Judge Gordon Sullivan just hopes the Lone Star isn't Gilbert Gottfried.
An epic as big as the land that shaped it.
I've read (and largely enjoyed) several James Michener novels through the years, and Texas has the size and scope that's perfect for the Michener's brand of meticulously researched historical fiction. I was all set to take the small-screen adaptation Texas seriously—but then the DVD menu loaded up and what should I see but an airbrushed photo of Patrick Duffy looking like he belongs on the cover of a cheap paperback romance. Though it's impossible to take Texas seriously after such a sight, it does reveal the tension that keeps Texas from being great: though it wants to be an epic story of the fight for Texas to be apart from Mexico, it's ultimately too slick for its own good.
Narrated by Charlton Heston, Texas tells the story of the Texas revolution that severed the future-state from Santa Ana-controlled Mexico, and it largely focuses on the near-mythic men who were in charge of that revolution: Stephen Austin (Patrick Duffy, Dallas), Sam Houston (Stacy Keach, American History X), Jim Bowie (David Keith, An Officer and a Gentleman) and Davy Crockett (John Schneider, The Dukes of Hazzard).
I freely admit that I've read and enjoyed several Michener novels. However, I can't really tell you which ones. I know I read Hawaii for summer reading in high school, and there were several of his books lying around the house as I grew up, but for the life of me I can't remember if Texas was one of his novels that I read. Part of the problem is that my memory is hazy over a decade later, but at least part of the blame rests on Michener's shoulders. Though the specifics of each of his novels are very different—informed as they are by reams and reams of historical research—all the ones I encountered follow the same basic structure. He spends a few pages on the geological forces that shaped the area in question, then some time on what we know of the first inhabitants, and then the rest of the book is dedicated to following a multigenerational story across the most significant years in the area's history.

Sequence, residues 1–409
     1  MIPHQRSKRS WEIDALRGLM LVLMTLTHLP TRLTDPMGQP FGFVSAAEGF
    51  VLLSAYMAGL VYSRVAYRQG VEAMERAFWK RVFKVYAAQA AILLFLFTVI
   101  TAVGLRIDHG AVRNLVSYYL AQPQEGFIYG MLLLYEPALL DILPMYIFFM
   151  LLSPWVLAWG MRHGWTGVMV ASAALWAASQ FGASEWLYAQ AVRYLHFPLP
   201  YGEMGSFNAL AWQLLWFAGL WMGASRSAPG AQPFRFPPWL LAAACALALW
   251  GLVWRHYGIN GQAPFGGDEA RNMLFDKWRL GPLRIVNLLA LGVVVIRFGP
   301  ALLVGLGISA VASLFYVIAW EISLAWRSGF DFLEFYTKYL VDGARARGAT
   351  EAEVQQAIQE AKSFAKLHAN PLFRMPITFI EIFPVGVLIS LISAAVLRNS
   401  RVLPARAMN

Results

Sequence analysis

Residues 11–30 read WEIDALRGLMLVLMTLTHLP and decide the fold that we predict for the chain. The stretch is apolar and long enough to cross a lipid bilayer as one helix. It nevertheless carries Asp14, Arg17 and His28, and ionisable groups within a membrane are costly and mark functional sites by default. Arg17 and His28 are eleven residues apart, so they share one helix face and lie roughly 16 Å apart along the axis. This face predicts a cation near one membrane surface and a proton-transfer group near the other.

Texas wisely chooses to dispense with Michener's grand structure. The film starts with Stephen Austin's attempts to create a settlement in Texas that has special dispensation with the Mexican government, and follows him and the other famous Texans through their growing dissatisfaction with Santa Ana towards the eventual succession of Texas from Mexico.
For what it is, Texas isn't terrible. As a mid-nineties take on the TV Western, it's standing in the long shadow of the vastly superior Lonesome Dove but as a pretty potted version of Texas history that focuses on the great men behind the state's independence it could be worse. The cast are all game to play these towering, near-mythic figures, the (surprisingly high) budget allows for some nice shots of the Texas landscape, and the story moves pretty smoothly over the three-hour running time moving from significant event to significant event with some interpersonal shenanigans thrown in to catch the melodrama audience.
This DVD does the show a service as well. The 1.33:1 transfer is "newly enhanced" and looks pretty good, especially for a mid-nineties television production. The dusty, often brown Texas landscape is well reproduced here, with a decent amount of detail and good color saturation. The whole affair looks a bit too slick and/or shiny to really sell the historical setting, but that means this DVD transfer looks better than expected. Despite the three-hour runtime, Texas doesn't have any significant compression problems or digital artefacts. The stereo audio handles both the dialogue and the slightly bombastic score with balanced ease.
Extras are surprisingly extensive for this kind of product, though hardly groundbreaking. We get the show's trailer, an extended promo, and a short making-of featurette. Since Texas was a $12 million made-for-TV flick in 1994 it had a lot of hype, and it's nice to see that material included on this DVD.
The problem with Texas, though, is that it's redundant before it starts. It tells the same old story of Texas' heroic fight for independence, and while it's interesting at times to see the men behind the history, Texas spends too much time with the bigger picture that we all know from the history books instead of giving us insights into their characters. The overall look of the film—personified by romance-cover Duffy—is also a bit too slick, and distracts from the historical setting. I don't expect a major television adaptation to go too dark, but a bit of dirtying-up would have helped the show tremendously.
Texas is worth tracking down for fans of the actors or Michener's novel, but if you're going to invest three or more hours in a story of the settling of America then there are several other productions that deserve your time more. With that said, Texas isn't without its charms—especially the performances—and this DVD is solid enough to make it worth a rental for the curious.
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